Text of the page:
Combining Cross- Validation and Confidence to Measure Fitness
D. Randall Wilson
fonix corporation
WilsonR @ fonix. corn
Abstract
Neural network and machine learning algorithms often
have parameters that must be tuned for good pe$ onname
on a particular task. Leave- one- out cross- validation
( LCV) accuracy is often used to measure the fitness of a set
of parameter values. However, small changes in
parameters often have no eflect on LCV accuracy. Many
learning algorithms can measure the confidence of a
classification decision, but often confidence alone is an
inappropriate measure of fitness. This paper proposes a
combined measure of Cross- Validation and Confidence
( CVC) for obtaining a continuous measure of fitness for
sets of parameters in learning algorithms. This paper also
proposes the Refined Instance- Based ( RIB) learning
algorithm which illustrates the use of CVC in automated
parameter tuning. Using CVC provides significant
improvement in generalization accuracy on a collection of
31 clussification tasks when compared to using LCV.
1. Introduction
Inductive learning algorithms are typically presented with
n training examples ( instances) from a training set, T,
during learning. In classification tasks each instance has
an input vector x, and an output class c. After learning is
complete, these systems can be presented with new input
vectors for classification, many of which were not in the
original training set. The algorithm must generalize from
the training set to determine the most likely output
classification for each input vectory.
Learning algorithms often have Parameters which affect
how well they are able to generalize on a particular task.
Section 2 explains how leave- one- out cross- validation
( LCV) can be used to tune parameters, and shows why it is
limited in some cases. Section 3 proposes a continuous
measure of fitness using both confidence and cross-validation
( CVC). Section 4 proposes a distance- weighted
R@ imd Instance- Based ( RIB) learning algorithm that can
use either LCV or CVC to refine various parameters.
Section 5 presents empirical results on 31 classification
tasks showing statistically significant improvemnt of CVC
over LCV in tuning parameters in RIB.
Tony R. Martinez
Brigham Young University
murtinez@ cs. byu. edu
2. Leave- one- out Cross- Validation ( LCV)
One of the most popular methods of evaluating a set of
parameter values is through the use of cross- validation [ 1,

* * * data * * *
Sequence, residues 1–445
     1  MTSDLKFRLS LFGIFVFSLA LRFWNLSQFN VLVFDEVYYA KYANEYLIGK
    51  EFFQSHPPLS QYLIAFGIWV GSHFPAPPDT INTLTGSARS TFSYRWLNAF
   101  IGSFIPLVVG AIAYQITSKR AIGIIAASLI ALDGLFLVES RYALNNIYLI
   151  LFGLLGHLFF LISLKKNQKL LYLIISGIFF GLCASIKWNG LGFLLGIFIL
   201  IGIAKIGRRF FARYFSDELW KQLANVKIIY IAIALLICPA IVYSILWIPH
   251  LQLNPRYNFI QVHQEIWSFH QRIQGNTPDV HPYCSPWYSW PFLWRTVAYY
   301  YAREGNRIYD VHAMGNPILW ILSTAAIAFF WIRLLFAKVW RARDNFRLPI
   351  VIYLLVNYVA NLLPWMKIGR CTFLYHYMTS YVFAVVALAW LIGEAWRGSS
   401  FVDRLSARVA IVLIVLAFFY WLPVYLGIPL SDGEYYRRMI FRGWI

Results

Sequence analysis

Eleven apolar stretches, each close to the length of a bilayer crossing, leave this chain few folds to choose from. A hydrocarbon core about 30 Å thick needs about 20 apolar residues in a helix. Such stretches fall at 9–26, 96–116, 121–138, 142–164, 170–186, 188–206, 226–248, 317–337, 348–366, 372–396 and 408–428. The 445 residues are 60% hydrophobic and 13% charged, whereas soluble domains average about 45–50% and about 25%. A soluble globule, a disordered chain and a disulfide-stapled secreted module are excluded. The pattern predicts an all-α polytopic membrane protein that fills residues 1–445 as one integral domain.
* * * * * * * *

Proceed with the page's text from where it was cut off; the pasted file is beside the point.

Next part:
2,3]. In cross- validation, the training set Tis divided into
J partitions, Ti ... TJ, and the instances in each of the
partitions are classified by the instances in the remaining
partitions using the proposed parameter setting. The
average accuracy of these J trials is used to estimate what
the generalization accuracy would be if the parameter
value was used. The parameter value that yields the
highest estimated accuracy is then chosen. When more
than one parameter needs to be tuned, the combined
settings of all of the parameters can be measured using
cross- validation in the same way.
When J is equal to the number of instances in T, the result
is leave- one- out cross- validation ( LCV), in which each
instance i is classified by all of the instances in T except
for i itself, so that almost all of the data is available for
each classification attempt. LCV has been described as
being desirable but computationally expensive [ 2].
However, in some situations it can be performed
efficiently, as illustrated in Section 4.
One problem with using LCV to fine- tune parameters in a
classification system is that it can yield only a fixed
number of discrete accuracy estimates. For each instance i
in T, the accuracy is 1 if the instance is classified correctly
and 0 if it is misclassified. Thus the average LCV
accuracy over all n instances in T is r / n, where r is the
number classified correctly. Since r is an integer from 0 to
n, there are only n + 1 accuracy values possible with this
measure, and often two different sets of parameter values
will yield the same accuracy because they will classify the
same number of instances correctly. This makes it
difficult to tell which parameter values are better than
another. This problem occurs quite frequently in some
systems and limits the extent to which LCV can be used to
finetune many classifiers.
3. Confidence and Cross- Validation ( CVC)
An alternative method for estimating generalization
accuracy is to use the confidence with which each instance
is classified. The average confidence over all n instances
O- 7803- 5529- 6/ 99/$ 10.00 0 1999 IEEE 1409
in the training set can then be used to estimate which set of
parameter values will yield better generalization. The
confidence for each instance i is
where weightcorrect is the weight received for the correct
class of instance i, and weightc is the weight received for
class c. This weight might be the sum from a weighted
voting scheme as in distance- weighted instance- based
learning algorithms or radial basis function neural
networks. When the weight ( i. e., summed activation or
weighted votes) for each class is a continuous value, then
confidence can provide a continuous measure of fitness for
parameter settings.